Big mistake. Big. Huge!

Real talk: I love shopping and hate awkward run-ins with the Past. Let me tell you a story.

Yesterday marked the start of an annual sale that my mother, sister, and I never miss: the Nordstrom Anniversary Sale. Last year, I think I only bought a pair of shoes because I was saving money for my ridiculously expensive monthly rent… since that is no longer an expense I need to consider, I threw caution (and sensibility) to the wind.

We began in the jewelry section. I recently got a tattoo on my wrist, something my mother isn’t super excited about (I can tell because she gave me THE LOOK when she saw it… and because as soon as we walked through the doors she asked if I needed a new watch, but like this “Didn’t you want a new watch? The watches are over there. Let’s start over there.”) So we started over there. Found nothing.

Moving on to purses. I’m pretty obsessed with bags… not in the way I’m obsessed with clothes… I’m not willing to spend a lot of money. I like to wait until my mother or sister gets tired of theirs and hands it over to me. I love the feel of a nice, worn-in, leather bag. And since it is used, I don’t have to be a paranoid mess if I accidentally get ink on the inside, or my water bottle leaks. But I walked through the purse section anyways. Okay, walked is sort of an overstatement. More like shuffled. The women in this section were so damn focused, it was hard to maneuver around them. And if that wasn’t bad enough, the men in this section were worse! I swear I felt a slight elbowing happen when an older gentleman wanted to get to a wallet to show his (I’m assuming) wife. Dude, your elbowing will only make me more determined NOT to move and that wallet is ugly. Try again. Anyways, I was over that area.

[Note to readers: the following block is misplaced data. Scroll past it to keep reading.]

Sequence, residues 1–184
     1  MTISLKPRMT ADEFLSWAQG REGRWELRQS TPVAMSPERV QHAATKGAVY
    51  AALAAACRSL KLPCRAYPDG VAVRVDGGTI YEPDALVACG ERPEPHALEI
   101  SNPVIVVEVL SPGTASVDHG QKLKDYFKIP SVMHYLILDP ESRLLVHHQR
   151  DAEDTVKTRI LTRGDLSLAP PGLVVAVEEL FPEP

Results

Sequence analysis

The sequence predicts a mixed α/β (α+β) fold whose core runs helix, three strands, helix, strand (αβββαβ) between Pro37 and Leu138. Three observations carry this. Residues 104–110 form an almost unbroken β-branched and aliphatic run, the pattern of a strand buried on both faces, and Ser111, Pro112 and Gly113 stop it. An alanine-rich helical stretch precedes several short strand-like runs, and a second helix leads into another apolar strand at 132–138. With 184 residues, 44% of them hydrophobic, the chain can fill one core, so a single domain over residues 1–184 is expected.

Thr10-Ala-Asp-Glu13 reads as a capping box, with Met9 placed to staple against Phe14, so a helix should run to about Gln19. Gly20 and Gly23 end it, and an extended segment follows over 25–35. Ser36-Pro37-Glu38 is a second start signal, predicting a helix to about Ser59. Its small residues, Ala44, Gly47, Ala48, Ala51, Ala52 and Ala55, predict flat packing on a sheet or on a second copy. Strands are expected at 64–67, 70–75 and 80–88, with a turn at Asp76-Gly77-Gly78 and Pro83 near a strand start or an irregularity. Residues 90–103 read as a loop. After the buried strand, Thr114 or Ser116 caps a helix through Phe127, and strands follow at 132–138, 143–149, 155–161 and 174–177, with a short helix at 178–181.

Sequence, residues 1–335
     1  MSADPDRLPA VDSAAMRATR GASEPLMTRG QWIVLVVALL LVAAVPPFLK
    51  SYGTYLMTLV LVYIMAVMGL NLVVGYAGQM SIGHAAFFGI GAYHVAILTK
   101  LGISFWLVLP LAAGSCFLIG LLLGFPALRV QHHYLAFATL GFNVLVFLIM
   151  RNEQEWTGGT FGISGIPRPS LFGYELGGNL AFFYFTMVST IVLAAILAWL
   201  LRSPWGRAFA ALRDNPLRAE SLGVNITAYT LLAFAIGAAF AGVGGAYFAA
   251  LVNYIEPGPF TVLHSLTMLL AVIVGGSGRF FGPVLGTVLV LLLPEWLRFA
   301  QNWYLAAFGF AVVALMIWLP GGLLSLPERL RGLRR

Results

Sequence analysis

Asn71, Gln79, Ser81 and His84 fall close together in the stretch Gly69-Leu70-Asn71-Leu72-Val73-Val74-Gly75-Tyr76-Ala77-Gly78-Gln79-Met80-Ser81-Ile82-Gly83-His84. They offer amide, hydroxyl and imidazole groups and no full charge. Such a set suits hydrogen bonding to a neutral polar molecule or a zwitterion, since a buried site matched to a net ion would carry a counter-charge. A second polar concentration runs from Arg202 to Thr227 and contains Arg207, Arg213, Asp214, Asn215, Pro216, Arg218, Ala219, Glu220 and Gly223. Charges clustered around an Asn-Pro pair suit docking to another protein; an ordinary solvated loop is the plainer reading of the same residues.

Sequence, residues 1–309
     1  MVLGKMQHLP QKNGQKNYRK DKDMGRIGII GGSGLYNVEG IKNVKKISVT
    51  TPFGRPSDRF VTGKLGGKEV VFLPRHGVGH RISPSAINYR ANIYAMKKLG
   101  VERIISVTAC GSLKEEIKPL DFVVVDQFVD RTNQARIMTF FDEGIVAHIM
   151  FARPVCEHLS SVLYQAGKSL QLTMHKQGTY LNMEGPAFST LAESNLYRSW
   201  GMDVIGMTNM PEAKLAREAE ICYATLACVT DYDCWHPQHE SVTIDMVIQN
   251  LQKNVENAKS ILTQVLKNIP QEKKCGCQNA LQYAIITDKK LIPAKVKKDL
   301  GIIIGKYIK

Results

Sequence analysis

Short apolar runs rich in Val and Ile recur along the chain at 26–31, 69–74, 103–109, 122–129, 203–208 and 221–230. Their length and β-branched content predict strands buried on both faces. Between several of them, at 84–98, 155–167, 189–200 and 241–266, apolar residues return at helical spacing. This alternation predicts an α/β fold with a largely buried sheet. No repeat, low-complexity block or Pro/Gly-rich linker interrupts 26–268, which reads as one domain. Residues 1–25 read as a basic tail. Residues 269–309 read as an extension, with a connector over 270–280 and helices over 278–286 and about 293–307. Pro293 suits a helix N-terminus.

I strolled through the sunglasses- nothing again! I was starting to think my bank account would be able to escape the sale unscathed, although I would be slightly disappointed. I even told myself, “Self you are practicing such restraint,” knowing all too well it was because I just wasn’t into the trends.

Then came the shoe department.